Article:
Editor’s Note: RCR Wireless News goes all in for “Throwback Thursdays,” tapping into our archives to resuscitate the top headlines from the past. Fire up the time machine, put on the sepia-tinted shades, set the date for #TBT and enjoy the memories!
Philly gives the green light to municipal Wi-Fi
WASHINGTON-The City of Philadelphia officially announced Thursday that its unlicensed wireless citywide network will be built and maintained by a new nonprofit entity known as Wireless Philadelphia. “Critical to the Wireless Philadelphia proposal is how this initiative will help conquer the economic and social disadvantage experienced by those without affordable access to technology, known as the digital divide. Government has long worked to ensure key infrastructure be made available to its citizens, such as the deployment of electricity and phone services. Philadelphia’s proposal will help low-income and disadvantaged individuals and businesses gain unprecedented access to technology,” reads a city statement. Wireless Philadelphia will spend $15 million to install and maintain the Wi-Fi system to be deployed on 3,000 city streetlights. It will then become a broadband wholesaler to Internet service providers, which in turn will sell access to the system to end users. The ISPs will have a cap on how much they can charge. The nonprofit also released a request for proposals to build and maintain the system. … Read more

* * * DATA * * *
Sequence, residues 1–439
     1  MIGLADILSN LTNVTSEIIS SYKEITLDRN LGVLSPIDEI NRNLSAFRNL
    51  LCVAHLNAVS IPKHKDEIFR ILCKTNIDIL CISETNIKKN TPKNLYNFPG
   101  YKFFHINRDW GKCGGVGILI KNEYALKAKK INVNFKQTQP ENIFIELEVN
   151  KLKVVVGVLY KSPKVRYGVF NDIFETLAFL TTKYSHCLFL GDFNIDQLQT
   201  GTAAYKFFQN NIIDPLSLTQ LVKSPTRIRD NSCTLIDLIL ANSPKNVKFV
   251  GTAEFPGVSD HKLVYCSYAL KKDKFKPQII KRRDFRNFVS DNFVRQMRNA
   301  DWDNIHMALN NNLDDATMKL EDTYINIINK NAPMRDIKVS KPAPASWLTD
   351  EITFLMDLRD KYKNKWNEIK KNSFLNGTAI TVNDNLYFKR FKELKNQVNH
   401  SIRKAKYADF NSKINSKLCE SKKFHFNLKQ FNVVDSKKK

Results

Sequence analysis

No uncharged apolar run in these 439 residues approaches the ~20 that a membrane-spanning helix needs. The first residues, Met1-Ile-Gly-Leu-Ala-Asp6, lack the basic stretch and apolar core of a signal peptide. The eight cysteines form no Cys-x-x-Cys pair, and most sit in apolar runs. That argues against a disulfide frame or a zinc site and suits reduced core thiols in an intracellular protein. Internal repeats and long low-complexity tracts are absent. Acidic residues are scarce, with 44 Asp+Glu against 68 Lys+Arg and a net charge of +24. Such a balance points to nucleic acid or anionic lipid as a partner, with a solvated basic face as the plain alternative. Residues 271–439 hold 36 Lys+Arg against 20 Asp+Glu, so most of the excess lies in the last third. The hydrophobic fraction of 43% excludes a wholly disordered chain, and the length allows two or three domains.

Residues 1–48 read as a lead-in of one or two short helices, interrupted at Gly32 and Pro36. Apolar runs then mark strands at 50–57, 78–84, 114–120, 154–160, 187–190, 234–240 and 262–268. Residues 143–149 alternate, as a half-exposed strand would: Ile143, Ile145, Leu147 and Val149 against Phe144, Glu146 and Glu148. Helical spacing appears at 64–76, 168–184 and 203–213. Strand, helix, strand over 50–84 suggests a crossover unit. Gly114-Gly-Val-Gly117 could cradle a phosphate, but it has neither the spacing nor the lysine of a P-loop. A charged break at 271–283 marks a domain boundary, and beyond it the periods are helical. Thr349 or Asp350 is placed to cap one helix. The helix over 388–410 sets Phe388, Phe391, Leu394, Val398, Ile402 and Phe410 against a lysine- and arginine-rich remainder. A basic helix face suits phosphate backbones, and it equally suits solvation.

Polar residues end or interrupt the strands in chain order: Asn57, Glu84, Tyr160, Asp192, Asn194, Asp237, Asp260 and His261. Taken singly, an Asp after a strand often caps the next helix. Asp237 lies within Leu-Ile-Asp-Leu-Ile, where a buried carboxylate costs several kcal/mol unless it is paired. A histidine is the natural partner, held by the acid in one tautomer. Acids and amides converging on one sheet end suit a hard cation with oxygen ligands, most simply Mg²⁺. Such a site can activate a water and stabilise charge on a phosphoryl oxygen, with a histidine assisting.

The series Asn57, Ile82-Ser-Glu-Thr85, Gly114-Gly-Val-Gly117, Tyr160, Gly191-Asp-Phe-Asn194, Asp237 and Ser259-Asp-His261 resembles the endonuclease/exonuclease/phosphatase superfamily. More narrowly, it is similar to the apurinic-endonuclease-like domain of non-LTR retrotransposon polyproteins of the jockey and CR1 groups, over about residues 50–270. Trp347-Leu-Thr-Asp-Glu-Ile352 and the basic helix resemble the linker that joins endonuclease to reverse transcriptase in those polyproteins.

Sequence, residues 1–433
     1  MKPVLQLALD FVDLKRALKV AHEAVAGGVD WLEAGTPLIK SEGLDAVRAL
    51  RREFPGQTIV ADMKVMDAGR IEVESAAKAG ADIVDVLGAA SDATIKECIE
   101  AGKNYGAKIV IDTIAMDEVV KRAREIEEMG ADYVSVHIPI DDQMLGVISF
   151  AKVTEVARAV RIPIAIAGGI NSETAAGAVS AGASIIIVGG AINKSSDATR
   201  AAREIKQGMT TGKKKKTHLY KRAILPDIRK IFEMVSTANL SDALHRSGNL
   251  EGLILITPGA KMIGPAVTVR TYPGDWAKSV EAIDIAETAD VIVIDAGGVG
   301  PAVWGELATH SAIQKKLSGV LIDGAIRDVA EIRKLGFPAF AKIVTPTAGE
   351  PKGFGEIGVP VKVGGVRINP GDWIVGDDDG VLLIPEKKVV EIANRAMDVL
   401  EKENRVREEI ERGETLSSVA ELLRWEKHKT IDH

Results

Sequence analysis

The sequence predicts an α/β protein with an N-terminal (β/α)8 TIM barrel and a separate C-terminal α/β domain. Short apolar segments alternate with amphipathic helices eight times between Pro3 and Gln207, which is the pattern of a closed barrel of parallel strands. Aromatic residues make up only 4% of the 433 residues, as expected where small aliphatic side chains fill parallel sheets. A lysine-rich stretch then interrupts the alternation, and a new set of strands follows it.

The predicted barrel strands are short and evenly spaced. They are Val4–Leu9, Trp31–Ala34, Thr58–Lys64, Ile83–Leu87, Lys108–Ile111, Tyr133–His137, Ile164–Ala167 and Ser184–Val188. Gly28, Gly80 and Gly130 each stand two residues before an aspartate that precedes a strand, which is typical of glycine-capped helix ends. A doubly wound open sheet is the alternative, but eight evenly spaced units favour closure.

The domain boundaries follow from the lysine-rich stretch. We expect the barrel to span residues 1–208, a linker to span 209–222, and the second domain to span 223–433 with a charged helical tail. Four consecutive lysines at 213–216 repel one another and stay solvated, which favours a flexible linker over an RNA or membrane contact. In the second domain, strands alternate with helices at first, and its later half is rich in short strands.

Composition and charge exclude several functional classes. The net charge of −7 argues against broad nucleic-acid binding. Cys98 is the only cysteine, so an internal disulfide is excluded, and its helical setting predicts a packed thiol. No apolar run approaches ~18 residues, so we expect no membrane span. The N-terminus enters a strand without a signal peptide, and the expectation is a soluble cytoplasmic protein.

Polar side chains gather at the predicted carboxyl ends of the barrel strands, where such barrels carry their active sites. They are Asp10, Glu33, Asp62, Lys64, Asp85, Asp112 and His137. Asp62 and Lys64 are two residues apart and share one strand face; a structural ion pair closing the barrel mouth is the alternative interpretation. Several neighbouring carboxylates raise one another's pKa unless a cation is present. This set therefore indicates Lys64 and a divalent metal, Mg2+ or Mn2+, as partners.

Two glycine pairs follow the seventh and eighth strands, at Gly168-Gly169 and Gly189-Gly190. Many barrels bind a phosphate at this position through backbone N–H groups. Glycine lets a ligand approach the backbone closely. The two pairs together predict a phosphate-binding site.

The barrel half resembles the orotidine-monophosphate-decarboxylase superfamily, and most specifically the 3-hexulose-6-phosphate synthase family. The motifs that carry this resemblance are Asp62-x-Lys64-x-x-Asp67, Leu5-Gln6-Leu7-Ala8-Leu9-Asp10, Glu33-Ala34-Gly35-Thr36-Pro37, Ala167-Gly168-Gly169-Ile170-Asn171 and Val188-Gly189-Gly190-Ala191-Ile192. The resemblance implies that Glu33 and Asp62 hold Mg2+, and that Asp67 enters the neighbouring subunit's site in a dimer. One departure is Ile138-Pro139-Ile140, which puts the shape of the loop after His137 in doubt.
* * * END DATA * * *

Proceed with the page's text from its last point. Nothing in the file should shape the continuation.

Orange France launches Edge
PARIS-French wireless operator Orange S.A. said it will launch EDGE services geared toward business customers beginning April 18 with plans for a consumer launch scheduled for this summer. The carrier noted that the service would provide network speeds of up to 200 kilobits per second and would be complementary to its Wi-Fi and UMTS networks. Orange said the EDGE network would cover 85 percent of the population and 90 percent of businesses … Read more
Nextel follows the tower-selling trend
Nextel Partners Inc. said it has entered into an agreement with TowerCo Inc. to purchase, construct and own 300 cell towers for an undisclosed amount. The agreement calls for TowerCo to purchase up to 92 existing towers from Nextel Partners, predominately in the carrier’s North, Southeast and Midwest operations, for $12 million. Nextel Partners also has granted TowerCo exclusive rights to build or buy future towers up to a combined total of 300 towers by the end of 2008. TowerCo, which was formed in mid-2004 and headed by former SpectraSite Communications executive Richard Byrne, announced a deal in February with Cingular Wireless L.L.C. to build out more than 50 sites in Michigan and Ohio. … The deal follows similar tower selling announcements made recently by several wireless operators that analysts noted were positive attempts by carriers to monetize their tower portfolios and reduce operating expenses. … Read more